4. Amphetamine Type Stimulants (ATS)

  1. What common drugs of abuse could be included as ATS?
  2. What is a phenethylamine?
  3. Draw the structures for the following ATS:
    • Amphetamine, methamphetamine, cathine, cathinone, methcathinone, fenetylline are non ring-substituted amphetamines.
    • MDA, MDMA, MDEA, FLEA, MDBD are methylenedioxy-substituted amphetamines.
    • Other ring-substituted amphetamines include 2,4,5-ring-substituted amphetamines (e.g. TMA-2, STP/DOM, DOB, DOC, DOI, DOET) and 2,4,5-ring-substituted phenethylamines (e.g. 2C-B, 2C-T, 2C-T-2, 2C-T-7, 2C-C, 2C-I).
    • Other ring substitution patterns include Mescaline, PMA, PMMA, DMA, TMA, 4-MTA.
  4. Identify the differences and similarities between the substances in Questions 3.
  5. Are the substances in Questions 3 seen commonly seen in your jurisdiction?
  6. In what physical form (e.g. powder, liquid) are ATS compounds frequently seen your laboratory?
  7. What are the general effects of ATS? Are there differences between the classes of compounds?
  8. Describe the activity and effects of the substances above.
  9. In what general classification do each of the ATS fall? (e.g., Stimulant, Depressant)?
  10. Describe the structural relationship between an amphetamine and a phenethylamine.
  11. What configuration is the chiral center of d-methamphetamine, R or S?
  12. Is the levo-methamphetamine in Vicks Inhalers controlled? Explain.
  13. What is an entactogen?
  14. What are the street names used to describe MDMA?
  15. Name four drugs besides MDMA which are used at “rave” clubs.
  16. When and why was MDMA first introduced?
  17. What compounds are typically found in ecstasy tablets?
  18. What drug is commonly referred to as 'speed'?
  19. What is 'ice'?
  20. Describe the differences between Methamphetamine HCl ( MA.HCl ) and MA Base.
  21. What is the most commonly seen ATS in the laboratory?
  22. What are commonly used street terms to describe ATS products?
  23. Describe the common forms of ATS.
  24. Determine the proper protocol for the analysis of each of commonly seen ATS compounds.
  25. Are these compounds considered acidic, basic or neutral compounds and why?
  26. Can these compounds exist as a salt form and how does this affect its analysis?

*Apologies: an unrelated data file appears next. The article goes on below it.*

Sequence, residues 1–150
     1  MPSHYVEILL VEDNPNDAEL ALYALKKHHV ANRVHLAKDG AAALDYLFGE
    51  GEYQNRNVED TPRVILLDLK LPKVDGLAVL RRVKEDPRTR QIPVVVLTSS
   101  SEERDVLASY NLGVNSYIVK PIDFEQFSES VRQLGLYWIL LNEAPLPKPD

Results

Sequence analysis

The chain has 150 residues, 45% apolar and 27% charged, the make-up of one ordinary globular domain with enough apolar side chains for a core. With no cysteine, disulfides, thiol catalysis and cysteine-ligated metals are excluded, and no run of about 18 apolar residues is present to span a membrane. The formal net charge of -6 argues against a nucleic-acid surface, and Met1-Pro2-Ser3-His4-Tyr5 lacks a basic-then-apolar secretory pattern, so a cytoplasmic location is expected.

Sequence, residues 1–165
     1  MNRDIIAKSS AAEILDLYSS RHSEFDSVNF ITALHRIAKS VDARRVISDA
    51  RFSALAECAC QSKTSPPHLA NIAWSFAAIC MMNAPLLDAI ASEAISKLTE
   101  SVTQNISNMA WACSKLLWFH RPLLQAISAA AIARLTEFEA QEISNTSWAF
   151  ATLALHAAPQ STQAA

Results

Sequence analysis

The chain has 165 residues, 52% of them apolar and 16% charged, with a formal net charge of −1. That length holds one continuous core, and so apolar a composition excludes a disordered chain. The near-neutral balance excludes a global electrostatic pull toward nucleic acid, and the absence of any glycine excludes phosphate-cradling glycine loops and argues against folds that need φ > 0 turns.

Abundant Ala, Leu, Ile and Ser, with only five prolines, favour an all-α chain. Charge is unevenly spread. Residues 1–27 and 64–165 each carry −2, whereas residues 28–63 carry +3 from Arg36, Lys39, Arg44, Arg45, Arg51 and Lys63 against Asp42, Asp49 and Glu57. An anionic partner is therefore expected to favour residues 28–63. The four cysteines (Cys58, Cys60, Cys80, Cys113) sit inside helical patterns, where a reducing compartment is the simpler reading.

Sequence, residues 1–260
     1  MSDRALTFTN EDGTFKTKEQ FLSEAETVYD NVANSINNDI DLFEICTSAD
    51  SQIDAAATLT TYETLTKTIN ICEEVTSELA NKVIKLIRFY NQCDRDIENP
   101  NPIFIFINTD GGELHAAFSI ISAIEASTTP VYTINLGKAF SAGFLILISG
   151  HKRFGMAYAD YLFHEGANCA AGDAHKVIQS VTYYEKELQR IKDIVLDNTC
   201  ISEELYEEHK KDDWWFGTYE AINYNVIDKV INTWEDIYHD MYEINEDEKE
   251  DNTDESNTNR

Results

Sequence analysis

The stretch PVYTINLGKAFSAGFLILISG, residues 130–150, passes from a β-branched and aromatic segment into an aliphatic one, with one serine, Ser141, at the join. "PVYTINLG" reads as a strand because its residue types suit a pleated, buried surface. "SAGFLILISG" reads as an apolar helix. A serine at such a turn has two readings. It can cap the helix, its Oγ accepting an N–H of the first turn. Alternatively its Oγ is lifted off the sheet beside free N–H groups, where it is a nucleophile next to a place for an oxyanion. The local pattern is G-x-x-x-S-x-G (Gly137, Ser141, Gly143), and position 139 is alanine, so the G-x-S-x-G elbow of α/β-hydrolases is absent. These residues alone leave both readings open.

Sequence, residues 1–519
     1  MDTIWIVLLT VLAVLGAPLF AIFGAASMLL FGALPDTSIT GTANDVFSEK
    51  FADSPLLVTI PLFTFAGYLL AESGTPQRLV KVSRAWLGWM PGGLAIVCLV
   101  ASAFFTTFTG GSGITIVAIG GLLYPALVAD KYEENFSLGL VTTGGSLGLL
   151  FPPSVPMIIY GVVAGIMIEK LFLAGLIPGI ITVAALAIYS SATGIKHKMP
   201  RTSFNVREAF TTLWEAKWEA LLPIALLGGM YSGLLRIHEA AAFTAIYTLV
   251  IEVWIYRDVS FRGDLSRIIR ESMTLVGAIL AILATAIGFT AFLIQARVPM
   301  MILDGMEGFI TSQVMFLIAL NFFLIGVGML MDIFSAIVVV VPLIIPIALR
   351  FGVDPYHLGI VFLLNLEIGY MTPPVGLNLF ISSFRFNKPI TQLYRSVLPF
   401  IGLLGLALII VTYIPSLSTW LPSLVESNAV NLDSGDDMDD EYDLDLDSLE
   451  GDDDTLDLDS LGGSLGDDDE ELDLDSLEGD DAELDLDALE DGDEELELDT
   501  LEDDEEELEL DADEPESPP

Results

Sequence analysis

27. Do these compounds exist as isomers and how does it affect analysis? (interpretation)
  28. Why is it important to convert many ATS compounds to the salt form before any evaporation step?
  29. How does volatility of the salt or base form of the ATS compound affect the analysis?
  30. Identify what form of the drug (salt or base) is most suited to particular analytical techniques.
  31. How can you differentiate the salt and base forms of the common ATS drugs?
  32. Why is it important to convert many ATS compounds to the salt form before any evaporation step?
  33. What methods of analysis provide the a level of discrimination for ATS compounds?
  34. Describe an extraction process for ATS commonly seen mixtures.
  35. What molecular structure gives rise to the m/z 58 ion in the mass spectrum of methamphetamine?
  36. What gives rise to the m/z 44 ion in amphetamine?
  37. What are the key m/z ions seen in the mass spectrum of commonly seen ATS compounds?
  38. Demonstrate that the trainee can recognize the infrared spectrum of commonly seen ATS compounds.
  39. What techniques could be used in the quantification of ATS in illicit materials?
  40. Which ring-substituted beta-phenethylamine may be indicated by a rapidly developing very bright green color when treated with Marquis reagent?
  41. Will EI mass spectrometry alone effectively distinguish 2,3-methylendioxyamphetamine from 3,4-methylenedioxyamphetamine?
  42. Explain why mass spectral base peaks of 44 amu and 58 amu are common to so many phenethylamines, particularly hallucinogenic ring substituted phenethylamines?
  43. What is the effect on the apparent mass spectral base ion, when 2-CB is scanned from 30 – 400 amu as compared to 40 – 400 amu?
  44. Describe the differences of 'XTC-tablets' and 'Thai-pills' (this will change with your local jurisdiction).

Last Update June 2022

© 2005 - 2022 SWGDRUG. All rights Reserved.
Designed by: Scott Oulton
Home | Approved | Supplemental | Drug Monographs | MS Library
Core Committee | Subcommittees | Meetings | Contact US